Sec. 35403. Maximum relief in certain rate cases.

Sec. 35404. Rate review timelines.

Sec. 35405. Revenue adequacy study.

Sec. 35406. Quarterly reports.

Sec. 35407. Workforce review.

Sec. 35408. Railroad rehabilitation and improvement financing.

Subtitle E—Technical corrections

Sec. 35501. Technical corrections.

Sec. 35502. Condemnation authority.

Subtitle F—Licensing and insurance requirements for passenger rail carriers

Sec. 35601. Certification of passenger rail carriers.

TITLE VI—Sport Fish Restoration and Recreational Boating Safety Act of 2012

Sec. 36001. Short title.

Sec. 36002. Amendment of Federal Aid in Sport Fish Restoration Act.

TITLE VII—Miscellaneous

Sec. 37001. Aircraft noise abatement.

DIVISION D—Finance

Sec. 40001. Short title.

TITLE I—Extension of Highway Trust Fund Expenditure Authority and Related Taxes

Sec. 40101. Extension of trust fund expenditure authority.

Sec. 40102. Extension of highway-related taxes.

TITLE II—Other provisions

Sec. 40201. Temporary increase in small issuer exception to tax-exempt interest expense allocation rules for financial institutions.

Sec. 40202. Temporary modification of alternative minimum tax limitations on tax-exempt bonds.

Sec. 40203. Issuance of TRIP bonds by State infrastructure banks.

Sec. 40204. Extension of parity for exclusion from income for employer-provided mass transit and parking benefits.

Sec. 40205. Exempt-facility bonds for sewage and water supply facilities.

TITLE III—Revenue provisions

Sec. 40301. Transfer from Leaking Underground Storage Tank Trust Fund to Highway Trust Fund.

Sec. 40302. Portion of Leaking Underground Storage Tank Trust Fund financing rate transferred to Highway Trust Fund.

Sec. 40303. Transfer of gas guzzler taxes to Highway Trust Fund.

Sec. 40304. Revocation or denial of passport in case of certain unpaid taxes.

Sec. 40305. 100 percent continuous levy on payments to Medicare providers and suppliers.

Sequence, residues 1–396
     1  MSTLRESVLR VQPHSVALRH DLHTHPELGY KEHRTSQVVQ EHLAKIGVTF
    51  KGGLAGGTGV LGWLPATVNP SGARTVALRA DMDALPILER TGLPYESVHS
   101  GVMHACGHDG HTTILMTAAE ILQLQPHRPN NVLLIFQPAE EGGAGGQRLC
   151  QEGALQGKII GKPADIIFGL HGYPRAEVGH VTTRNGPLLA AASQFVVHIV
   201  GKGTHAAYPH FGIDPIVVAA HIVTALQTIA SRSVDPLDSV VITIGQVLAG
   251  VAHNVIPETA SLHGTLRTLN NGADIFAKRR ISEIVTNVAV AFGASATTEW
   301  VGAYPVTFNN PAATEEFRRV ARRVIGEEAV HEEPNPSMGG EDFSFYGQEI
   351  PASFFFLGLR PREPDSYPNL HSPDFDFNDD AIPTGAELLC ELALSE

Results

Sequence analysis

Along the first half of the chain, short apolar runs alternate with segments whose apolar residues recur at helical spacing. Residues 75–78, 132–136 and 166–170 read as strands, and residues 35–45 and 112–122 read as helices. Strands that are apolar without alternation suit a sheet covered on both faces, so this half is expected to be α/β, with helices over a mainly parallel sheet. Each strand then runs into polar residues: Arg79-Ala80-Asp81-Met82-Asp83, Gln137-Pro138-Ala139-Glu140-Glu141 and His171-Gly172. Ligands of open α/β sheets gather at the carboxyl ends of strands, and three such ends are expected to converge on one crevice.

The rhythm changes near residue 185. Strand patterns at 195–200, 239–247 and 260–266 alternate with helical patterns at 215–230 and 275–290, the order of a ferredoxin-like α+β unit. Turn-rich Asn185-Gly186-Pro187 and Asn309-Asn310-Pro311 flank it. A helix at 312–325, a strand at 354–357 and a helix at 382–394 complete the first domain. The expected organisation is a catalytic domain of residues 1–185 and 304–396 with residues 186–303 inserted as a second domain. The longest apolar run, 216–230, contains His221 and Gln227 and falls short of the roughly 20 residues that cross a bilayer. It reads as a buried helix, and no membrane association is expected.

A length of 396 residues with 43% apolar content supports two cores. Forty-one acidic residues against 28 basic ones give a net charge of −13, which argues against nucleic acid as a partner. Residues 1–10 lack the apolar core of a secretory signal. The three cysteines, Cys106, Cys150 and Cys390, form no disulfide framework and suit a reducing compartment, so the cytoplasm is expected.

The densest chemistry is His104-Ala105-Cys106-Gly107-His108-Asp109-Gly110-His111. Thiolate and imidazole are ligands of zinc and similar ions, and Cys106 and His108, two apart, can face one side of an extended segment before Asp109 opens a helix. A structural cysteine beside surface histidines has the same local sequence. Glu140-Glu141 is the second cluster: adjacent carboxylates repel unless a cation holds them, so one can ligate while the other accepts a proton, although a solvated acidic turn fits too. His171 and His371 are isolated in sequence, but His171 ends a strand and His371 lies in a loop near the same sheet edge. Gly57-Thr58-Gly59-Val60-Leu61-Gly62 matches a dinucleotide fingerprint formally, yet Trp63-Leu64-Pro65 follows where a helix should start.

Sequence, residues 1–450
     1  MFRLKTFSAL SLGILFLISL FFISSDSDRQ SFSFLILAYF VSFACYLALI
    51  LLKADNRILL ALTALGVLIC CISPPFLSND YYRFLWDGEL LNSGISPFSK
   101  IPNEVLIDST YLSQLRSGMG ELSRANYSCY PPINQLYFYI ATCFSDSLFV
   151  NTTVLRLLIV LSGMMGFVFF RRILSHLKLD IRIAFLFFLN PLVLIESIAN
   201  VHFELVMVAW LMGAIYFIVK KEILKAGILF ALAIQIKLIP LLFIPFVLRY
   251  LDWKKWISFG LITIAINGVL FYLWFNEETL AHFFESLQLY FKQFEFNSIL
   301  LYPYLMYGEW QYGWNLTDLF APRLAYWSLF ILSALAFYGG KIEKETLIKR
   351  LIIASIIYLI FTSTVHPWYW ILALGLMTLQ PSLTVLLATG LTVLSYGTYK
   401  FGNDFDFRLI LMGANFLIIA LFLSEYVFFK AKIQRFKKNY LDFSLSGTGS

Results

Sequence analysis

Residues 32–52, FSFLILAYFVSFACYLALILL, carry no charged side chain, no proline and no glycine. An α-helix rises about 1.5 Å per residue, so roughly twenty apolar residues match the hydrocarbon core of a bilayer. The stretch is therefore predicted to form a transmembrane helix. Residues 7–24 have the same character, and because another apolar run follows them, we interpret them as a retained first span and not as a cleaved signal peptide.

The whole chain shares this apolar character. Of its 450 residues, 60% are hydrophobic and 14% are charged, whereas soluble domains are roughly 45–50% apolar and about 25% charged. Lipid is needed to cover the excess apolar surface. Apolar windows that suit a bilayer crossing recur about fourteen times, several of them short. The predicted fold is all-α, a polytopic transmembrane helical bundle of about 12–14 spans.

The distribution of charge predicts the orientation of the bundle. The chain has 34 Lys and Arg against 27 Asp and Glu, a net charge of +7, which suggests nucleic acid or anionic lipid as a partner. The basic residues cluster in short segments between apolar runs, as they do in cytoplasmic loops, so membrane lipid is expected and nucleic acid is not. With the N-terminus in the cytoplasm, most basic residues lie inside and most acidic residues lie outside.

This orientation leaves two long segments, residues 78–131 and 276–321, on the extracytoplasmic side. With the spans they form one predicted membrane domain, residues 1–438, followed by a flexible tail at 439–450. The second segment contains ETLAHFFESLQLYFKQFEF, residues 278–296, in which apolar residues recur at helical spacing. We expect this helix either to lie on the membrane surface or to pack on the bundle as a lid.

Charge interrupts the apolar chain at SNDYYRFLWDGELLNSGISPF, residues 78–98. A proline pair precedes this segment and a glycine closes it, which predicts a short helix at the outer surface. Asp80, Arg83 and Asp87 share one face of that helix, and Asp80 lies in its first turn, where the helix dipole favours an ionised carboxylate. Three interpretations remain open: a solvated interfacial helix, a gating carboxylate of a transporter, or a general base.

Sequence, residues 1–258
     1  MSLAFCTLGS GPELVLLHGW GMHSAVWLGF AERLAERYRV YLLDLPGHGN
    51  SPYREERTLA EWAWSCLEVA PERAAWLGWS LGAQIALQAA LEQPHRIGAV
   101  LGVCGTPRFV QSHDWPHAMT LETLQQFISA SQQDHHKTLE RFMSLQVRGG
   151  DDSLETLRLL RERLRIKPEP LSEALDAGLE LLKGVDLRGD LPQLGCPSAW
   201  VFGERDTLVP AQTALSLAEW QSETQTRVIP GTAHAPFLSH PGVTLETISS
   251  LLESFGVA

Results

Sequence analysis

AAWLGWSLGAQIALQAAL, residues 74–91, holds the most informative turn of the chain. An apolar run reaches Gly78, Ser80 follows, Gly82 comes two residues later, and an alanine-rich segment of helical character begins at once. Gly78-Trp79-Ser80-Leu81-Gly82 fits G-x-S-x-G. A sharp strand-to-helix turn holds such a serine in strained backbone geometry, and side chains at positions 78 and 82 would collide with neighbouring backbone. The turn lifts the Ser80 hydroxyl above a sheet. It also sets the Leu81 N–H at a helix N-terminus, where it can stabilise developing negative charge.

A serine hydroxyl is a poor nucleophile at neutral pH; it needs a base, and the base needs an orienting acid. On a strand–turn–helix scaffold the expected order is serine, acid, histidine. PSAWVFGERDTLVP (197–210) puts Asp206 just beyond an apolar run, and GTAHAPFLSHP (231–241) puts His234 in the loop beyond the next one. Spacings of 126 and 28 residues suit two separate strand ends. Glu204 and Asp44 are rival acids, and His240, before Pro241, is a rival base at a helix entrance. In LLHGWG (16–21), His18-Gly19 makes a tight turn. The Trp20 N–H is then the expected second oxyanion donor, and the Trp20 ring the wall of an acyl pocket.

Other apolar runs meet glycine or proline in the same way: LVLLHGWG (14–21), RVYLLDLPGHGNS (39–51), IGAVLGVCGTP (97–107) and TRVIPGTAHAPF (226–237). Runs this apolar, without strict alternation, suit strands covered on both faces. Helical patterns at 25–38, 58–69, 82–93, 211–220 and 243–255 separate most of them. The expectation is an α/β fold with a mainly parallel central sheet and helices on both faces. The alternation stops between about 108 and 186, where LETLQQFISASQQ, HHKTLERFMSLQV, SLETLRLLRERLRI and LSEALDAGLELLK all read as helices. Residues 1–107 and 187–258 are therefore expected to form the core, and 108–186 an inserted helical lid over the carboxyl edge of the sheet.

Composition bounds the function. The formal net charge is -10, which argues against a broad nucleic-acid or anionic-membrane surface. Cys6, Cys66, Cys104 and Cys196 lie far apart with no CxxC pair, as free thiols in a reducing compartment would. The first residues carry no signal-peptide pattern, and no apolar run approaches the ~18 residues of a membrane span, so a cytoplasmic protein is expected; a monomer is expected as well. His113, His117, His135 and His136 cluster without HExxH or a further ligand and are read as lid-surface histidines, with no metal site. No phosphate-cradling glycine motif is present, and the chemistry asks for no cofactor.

Sec. 40306. Transfer of amounts attributable to certain duties on imported vehicles into the Highway Trust Fund.

Sec. 40307. Treatment of securities of a controlled corporation exchanged for assets in certain reorganizations.

Sec. 40308. Internal Revenue Service levies and Thrift Savings Plan Accounts.

Sec. 40309. Depreciation and amortization rules for highway and related property subject to long-term leases.

Sec. 40310. Extension for transfers of excess pension assets to retiree health accounts.

Sec. 40311. Transfer of excess pension assets to retiree group term life insurance accounts.

Sec. 40312. Pension funding stabilization.

Sec. 40313. Additional transfers to Highway Trust Fund.

Sec. 40314. Transfers to Federal Old-Age and Survivors Insurance Trust Fund and Federal Disability Insurance Trust Fund.

DIVISION E—Research and education

Sec. 50001. Short title.

TITLE I—Funding

Sec. 51001. Authorization of appropriations.

TITLE II—Research, technology, and education

Sec. 52001. Research, technology, and education.

Sec. 52002. Surface transportation research, development, and technology.

Sec. 52003. Research and technology development and deployment.

Sec. 52004. Training and education.

Sec. 52005. State planning and research.

Sec. 52006. International highway transportation program.

Sec. 52007. Surface transportation environmental cooperative research program.

Sec. 52008. National cooperative freight research.

Sec. 52009. Prize authority.

Sec. 52010. University transportation centers program.

Sec. 52011. Bureau of transportation statistics.

Sec. 52012. Administrative authority.

Sec. 52013. Transportation research and development strategic planning.

TITLE III—Intelligent transportation systems research

Sec. 53001. Use of funds for its activities.

Sec. 53002. Goals and purposes.

Sec. 53003. General authorities and requirements.

Sec. 53004. Research and development.

Sec. 53005. National architecture and standards.

Sec. 53006. Vehicle-to-vehicle and vehicle-to-infrastructure communications systems deployment.

DIVISION F—Miscellaneous

TITLE I—Reauthorization of certain programs

Subtitle A—Secure rural schools and community self-determination program

Sec. 100101. Secure Rural Schools and Community Self-Determination Program.

Subtitle B—Payment in lieu of taxes program

Sec. 100111. Payments in lieu of taxes.

Subtitle C—Offsets

Sec. 100112. Tax reporting for life settlement transactions.

Sec. 100113. Clarification of tax basis of life insurance contracts.

Sec. 100114. Exception to transfer for valuable consideration rules.

Sec. 100115. Phased retirement authority.

Sec. 100116. Roll-your-own cigarette machines.

TITLE II—Stop tax haven abuse

Sec. 100201. Authorizing special measures against foreign jurisdictions, financial institutions, and others that significantly impede United States tax enforcement.

DIVISION G—Air transportation

Sec. 100301. Technical corrections relating to overflights of National Parks.

DIVISION H—Budgetary effects

Sec. 100401. Budgetary effects.

2.

Definitions

In this Act, the following definitions apply:

(1)

Department

The term Department means the Department of Transportation.

(2)

Secretary

The term Secretary means the Secretary of Transportation.